Raul consulted his friend Stephanie in Canada (who sang “Man Friday” in “Neuromantics”) about my poem “The First Lyre”; she thought the lyrics were “incredible”. She wanted to know about the inspiration for the song. I replied to Raul on 10th October, 2012:

“Thanks! That raises my spirits, I think it is quite a good poem (it was broadcast on the BBC). I think I was inspired by the thought or image of an ancient Greek lyre, and the tortoise shell, which got me thinking about all the other animals who suffered to contribute to the cause and creation of music and the fame of Orpheus. The thought that suffering and even cruelty can lie behind much artistic creation, including lyric poetry”.

Again, I only heard Raul’s setting of my poem for the first time after Gioia gave me the book and CD in Corfu in July 2016.

I was very glad that Raul took up my suggestion of setting Francesco Petrarch’s wonderful sonnet, Una Candida Cerva (my email of 30/1/2013); on 22 February 2013, after he sent me some (flawed) English translations he’d found, I wrote “I thought you would set the original Italian (more beautiful!)…Can you find some other translations… or even try the Italian original?”

Raul was so modest, perhaps he thought it might be considered presumptuous of him to set a sonnet by Petrarch in Italian. I am so glad that he did follow my suggestion. The words came first on some occasions! (See also this posting).

I am thrilled with the book and CD, “Minimanimalia”, a true labour of love and enduring tribute to Raul. I congratulate Gioia and all her collaborators, technical and artistic, for achieving something I had imagined could never be achieved. The illustrations are superb. The animals will be eternally grateful. I hope these extracts from email exchanges between Raul and Jim will shed extra light on the genesis and development of some of the songs.


Extracts from more of Raul’s emails:

On The Hermit Crab and the Stray Cat:

“I’m thinking of a new song, maybe you can help. It’s about a hermit crab…I’d like to make a parallel between the hermit crab and the words of a poet. They look for the same thing after all: a place to stay. The hermit needs a shell for shelter, the poet’s words look for a different place, the heart of a man, where they can settle to give new life to a (sometimes) dead thing”.

“I will have to find some music, it’s getting more and more difficult, I don’t know if I can reach the Beatles White Album (20 songs!)”

On Robin’s Nest:

“The second one is just an idea for a song about bird’s nests. In reality it is one of those naughty songs with a double meaning. Basically it’s about a friend of ours, Robin, who runs a bar called Robin’s in Agios Gordios”.

On Guinea Pigs:

“I’m thinking about a new song about guinea pigs. The general idea is that mankind should build a monument to all the simple lives that are sacrificed for our benefit, to show respect and compassion”.

On Hedgehog on the Edge of the Road :

“The idea of the song is now: very melodical from the beginning to the end of the first verse. Then it moves up a bit in the second verse, with an odd rhythm. From the third verse on it becomes a sort of soul acid song”.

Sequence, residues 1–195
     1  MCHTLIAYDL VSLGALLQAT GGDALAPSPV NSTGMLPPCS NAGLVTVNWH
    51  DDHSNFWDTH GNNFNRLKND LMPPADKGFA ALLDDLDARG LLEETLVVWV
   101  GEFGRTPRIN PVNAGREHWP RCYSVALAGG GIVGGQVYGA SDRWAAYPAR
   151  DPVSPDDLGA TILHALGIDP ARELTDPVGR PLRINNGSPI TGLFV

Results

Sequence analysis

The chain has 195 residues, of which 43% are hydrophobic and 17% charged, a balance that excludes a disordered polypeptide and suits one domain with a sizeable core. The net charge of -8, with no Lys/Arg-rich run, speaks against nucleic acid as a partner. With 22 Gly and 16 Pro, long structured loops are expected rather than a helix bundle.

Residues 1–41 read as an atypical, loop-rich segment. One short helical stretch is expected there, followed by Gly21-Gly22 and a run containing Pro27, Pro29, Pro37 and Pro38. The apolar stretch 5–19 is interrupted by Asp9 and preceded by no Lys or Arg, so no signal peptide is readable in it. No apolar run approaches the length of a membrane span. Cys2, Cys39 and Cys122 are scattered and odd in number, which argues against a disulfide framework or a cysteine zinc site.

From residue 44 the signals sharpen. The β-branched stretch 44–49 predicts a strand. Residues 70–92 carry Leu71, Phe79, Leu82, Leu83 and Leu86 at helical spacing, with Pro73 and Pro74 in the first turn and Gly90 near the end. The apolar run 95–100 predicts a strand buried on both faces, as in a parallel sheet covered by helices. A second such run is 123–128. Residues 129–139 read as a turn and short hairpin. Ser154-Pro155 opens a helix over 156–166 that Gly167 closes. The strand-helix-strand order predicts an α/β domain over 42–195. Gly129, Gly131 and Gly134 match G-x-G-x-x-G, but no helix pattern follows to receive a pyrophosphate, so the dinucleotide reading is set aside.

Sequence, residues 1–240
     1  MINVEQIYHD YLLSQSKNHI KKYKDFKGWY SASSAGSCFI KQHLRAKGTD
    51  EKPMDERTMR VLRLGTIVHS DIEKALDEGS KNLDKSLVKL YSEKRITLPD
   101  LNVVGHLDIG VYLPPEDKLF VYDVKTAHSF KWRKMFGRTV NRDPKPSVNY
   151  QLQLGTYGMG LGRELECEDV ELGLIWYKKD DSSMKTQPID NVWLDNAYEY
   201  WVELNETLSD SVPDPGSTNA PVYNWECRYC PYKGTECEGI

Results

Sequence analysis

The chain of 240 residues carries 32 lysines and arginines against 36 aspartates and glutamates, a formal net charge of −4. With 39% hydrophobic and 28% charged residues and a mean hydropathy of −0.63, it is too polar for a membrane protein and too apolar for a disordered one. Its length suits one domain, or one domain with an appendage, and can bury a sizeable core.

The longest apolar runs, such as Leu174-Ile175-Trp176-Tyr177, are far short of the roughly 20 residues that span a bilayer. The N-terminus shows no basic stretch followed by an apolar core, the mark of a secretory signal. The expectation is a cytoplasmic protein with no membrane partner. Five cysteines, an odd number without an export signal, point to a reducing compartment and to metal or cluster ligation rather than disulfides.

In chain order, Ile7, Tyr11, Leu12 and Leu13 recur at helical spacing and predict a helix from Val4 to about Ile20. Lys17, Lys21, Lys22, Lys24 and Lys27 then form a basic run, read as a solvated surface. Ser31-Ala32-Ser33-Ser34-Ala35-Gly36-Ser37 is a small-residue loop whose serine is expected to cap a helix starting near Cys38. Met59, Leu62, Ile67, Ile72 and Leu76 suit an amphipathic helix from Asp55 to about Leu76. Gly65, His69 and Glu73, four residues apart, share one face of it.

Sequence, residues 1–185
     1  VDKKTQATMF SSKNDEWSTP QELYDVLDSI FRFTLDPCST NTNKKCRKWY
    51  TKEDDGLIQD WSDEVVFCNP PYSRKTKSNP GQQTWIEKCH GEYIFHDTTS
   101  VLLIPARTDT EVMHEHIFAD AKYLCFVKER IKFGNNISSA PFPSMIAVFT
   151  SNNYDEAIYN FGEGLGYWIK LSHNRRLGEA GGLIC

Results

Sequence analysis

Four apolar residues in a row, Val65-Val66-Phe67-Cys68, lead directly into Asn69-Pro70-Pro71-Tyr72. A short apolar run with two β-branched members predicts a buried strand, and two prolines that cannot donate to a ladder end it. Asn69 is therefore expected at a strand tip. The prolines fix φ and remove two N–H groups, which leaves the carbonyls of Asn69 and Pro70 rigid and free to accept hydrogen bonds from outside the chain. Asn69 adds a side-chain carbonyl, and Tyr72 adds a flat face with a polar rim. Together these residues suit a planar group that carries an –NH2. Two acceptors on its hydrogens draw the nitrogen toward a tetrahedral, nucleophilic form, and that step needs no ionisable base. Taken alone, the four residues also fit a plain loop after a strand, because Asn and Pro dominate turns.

On Prayer:

Prelude: Invocation.

It should go something like: Is there anybody going to listen to my prayer for the ones who cannot speak their mind? This is just the idea

Second part: Complaint.

Reporting of animal abuse (whether for their meat, fur, experiments in labs, hard work carrying stuff or attached to a chain, somebody even enjoys their suffering)

Third part: Confession.

Denounces the most evil of all animals: MAN!?

Conclusion: Invocation reprise.


On Pâté de Foie Gras

From Raul:

“To make a good use of the spirit of the mountain, you think you could work on Foie gras a bit? Maybe you could point out the fact that geese are kept with their feet nailed to the ground, so they won’t move! Man is capable of incredibly disgusting things, and he’s not ashamed of it. “

From Jim:

“Are they really kept with their feet nailed to the ground? That's horrific. I didn't know that. Can you double check that before I work on the verse?”

From Raul:

“You’re right, there’s no real evidence, maybe it’s something which was done by individual peasants, rather than the industrial standard procedure”.

From Jim:

“You are a militant animal activist. The French will be after you with a long tube”.

From Raul:

“If they catch me I will tell them that YOU wrote the lyrics…. Eh eh ….”


Email from Raul, 25 March 2012:

“I didn’t pay attention to the parade in the village, I’m allergic to national pride, religion and families, like in the good old times. I prefer to write songs, so I don’t have to think about it”.


On Atherina: From Raul, 9 November 2007

“I really start missing our meetings in Kefalomandouko, where we could work together, exchange opinions and laugh. It was fun, for me at least. For the moment, don’t worry about this last song, just keep doing your things. If you wish, you could send me some of your poems, so I can see whether I can put some music to them. I can’t promise anything though, I’ve never worked this way. I’m slowly turning into an animal, because I’m spending most of the time with my dogs and cats and we don’t have much to say to one another because we’ve been together too long now, and we don’t have the same interests anyhow.”


Minimanimalia, una festa per gli animali e l'ambiente Eventi a Pisa
Minimanimalia, una festa per gli animali e l'ambiente